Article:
Tuesday, 22nd August 2017. 10:42:21am ET
Reviews CD Reviews Synthpop, New Wave Jonteknik- Tones from Home (1994-1999)


ARTIST: Jonteknik

ALBUM: Tones from Home (1994-1999)

LABEL: Self-released

REVIEWER: Matthew J.

DATE: 9-10-08

Jonteknik- Tones from Home

Drawing on classic synthpop as well as techno, house and electro, Jonteknik's compositions are instrumental dance tracks for the most part, but his ability to take vintage-sounding electronic blips and beeps and turn them into infectious melodies will be instantly recognizable to anyone who's ever danced to Depeche Mode's "Just Can't Get Enough" or Pet Shop Boys' "West End Girls." Collecting 12 tracks from his output from throughout the '90s, this retrospective starts off with "Go Back," a classic electro offering with science fiction synths whirring and wheeling over funky breakbeat loops, then moves in a slightly moodier direction with "Radio Station," an even more playful assemblage of classic breaks and digitized vocal snippets. "Move" enters unabashed dance territory with speedy techno beats and sampled female speech delivered in a seductive tone that adds a hint of sexiness to the perky rhythms. The rest of the album ranges from classic dance floor filler, like the electro/house crossover "New York City," to playful but thoughtful synthpop like "Mauve," with its tinny keyboard melodies, to melodic ambient offerings like "Film," which combines string patches with the more abstract electronic tones that characterizes much of Jonteknik's music. On the ambient side of things, "Central" is particularly intriguing; it starts off as what seems to be a classic techno build, with looping outer space arpeggios that seem ready to burst into a thumping club beat at any moment but never quite do, instead regressing into the spaced out textures of '70s synthesizer experimentation. Also noteworthy is "October," which finishes the CD off with Jonteknik's most modern offering, a mellow and cinematic composition of piano chords, synth strings, and snippets of soulful vocals that's got as much in common with Moby as it does with anything from the early '80s. It also goes a step further toward painting a portrait of Jonteknik's versatility; given the fact that he's able to switch so smoothly from house to synthpop to ambient, it's clear from this collected overview that his reliance on vintage sounds comes from his passion for them, not from a lack of ability to do anything else, and that carefully chosen aesthetic helps to bring these diverse songs together into a cohesive whole that sounds more like an album than an arbitrary "greatest hits" collection.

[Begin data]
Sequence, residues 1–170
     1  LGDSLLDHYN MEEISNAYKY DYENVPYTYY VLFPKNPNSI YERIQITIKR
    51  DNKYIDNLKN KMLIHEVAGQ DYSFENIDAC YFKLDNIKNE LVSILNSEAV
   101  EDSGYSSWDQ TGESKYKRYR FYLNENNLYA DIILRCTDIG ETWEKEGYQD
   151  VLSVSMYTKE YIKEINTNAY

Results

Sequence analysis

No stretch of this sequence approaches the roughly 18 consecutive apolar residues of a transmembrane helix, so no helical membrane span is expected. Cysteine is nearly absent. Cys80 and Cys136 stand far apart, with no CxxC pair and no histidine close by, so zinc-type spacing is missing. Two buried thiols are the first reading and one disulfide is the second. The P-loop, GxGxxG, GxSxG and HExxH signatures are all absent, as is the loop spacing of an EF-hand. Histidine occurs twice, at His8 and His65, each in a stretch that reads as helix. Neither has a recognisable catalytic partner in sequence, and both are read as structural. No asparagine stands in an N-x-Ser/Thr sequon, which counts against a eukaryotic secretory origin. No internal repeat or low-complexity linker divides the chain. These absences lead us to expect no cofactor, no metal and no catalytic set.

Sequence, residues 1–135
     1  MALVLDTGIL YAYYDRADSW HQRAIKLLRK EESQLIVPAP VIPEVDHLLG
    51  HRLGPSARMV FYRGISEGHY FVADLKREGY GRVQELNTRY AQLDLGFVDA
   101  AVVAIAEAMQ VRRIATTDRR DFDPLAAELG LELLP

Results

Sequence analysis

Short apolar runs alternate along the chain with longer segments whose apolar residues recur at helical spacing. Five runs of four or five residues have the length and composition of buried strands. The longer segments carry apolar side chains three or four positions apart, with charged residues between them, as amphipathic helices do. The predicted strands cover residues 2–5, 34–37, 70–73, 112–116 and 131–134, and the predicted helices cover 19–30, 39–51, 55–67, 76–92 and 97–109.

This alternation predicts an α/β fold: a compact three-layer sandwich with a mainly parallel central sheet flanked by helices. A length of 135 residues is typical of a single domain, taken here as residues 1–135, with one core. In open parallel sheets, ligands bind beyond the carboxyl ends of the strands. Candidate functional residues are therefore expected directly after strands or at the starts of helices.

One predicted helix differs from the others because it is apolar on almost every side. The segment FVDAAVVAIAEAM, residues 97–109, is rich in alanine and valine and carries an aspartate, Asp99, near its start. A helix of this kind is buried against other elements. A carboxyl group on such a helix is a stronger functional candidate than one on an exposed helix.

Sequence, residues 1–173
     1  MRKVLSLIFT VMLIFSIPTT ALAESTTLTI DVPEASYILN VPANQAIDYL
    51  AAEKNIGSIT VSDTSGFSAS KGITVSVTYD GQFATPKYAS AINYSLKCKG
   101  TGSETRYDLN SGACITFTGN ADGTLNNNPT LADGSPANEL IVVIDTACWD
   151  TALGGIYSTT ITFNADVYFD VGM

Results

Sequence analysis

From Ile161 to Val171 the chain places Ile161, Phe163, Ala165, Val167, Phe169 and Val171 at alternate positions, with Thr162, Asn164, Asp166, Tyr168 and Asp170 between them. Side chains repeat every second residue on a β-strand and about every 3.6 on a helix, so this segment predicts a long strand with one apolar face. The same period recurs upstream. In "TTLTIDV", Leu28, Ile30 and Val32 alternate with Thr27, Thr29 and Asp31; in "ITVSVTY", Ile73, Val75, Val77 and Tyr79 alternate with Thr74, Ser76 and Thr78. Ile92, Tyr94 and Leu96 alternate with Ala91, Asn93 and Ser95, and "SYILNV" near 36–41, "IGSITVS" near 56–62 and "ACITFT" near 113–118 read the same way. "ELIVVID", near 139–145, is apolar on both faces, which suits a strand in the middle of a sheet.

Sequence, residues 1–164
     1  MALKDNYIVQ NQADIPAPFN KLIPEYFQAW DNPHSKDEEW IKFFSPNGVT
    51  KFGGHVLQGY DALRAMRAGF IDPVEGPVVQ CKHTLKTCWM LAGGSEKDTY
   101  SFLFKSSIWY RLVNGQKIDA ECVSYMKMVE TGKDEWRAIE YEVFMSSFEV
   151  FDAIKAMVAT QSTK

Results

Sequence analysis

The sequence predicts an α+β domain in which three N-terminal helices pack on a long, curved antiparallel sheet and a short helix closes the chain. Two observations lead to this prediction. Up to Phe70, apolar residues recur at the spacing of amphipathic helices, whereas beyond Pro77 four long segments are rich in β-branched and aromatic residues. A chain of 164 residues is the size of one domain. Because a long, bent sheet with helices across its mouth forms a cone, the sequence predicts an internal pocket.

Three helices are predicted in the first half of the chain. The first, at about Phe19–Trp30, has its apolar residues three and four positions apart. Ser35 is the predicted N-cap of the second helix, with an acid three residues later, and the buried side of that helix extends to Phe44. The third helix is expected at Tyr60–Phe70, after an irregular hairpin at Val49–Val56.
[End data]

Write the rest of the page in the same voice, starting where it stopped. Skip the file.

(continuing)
Visit Jonteknik online at www.jonteknik.com.


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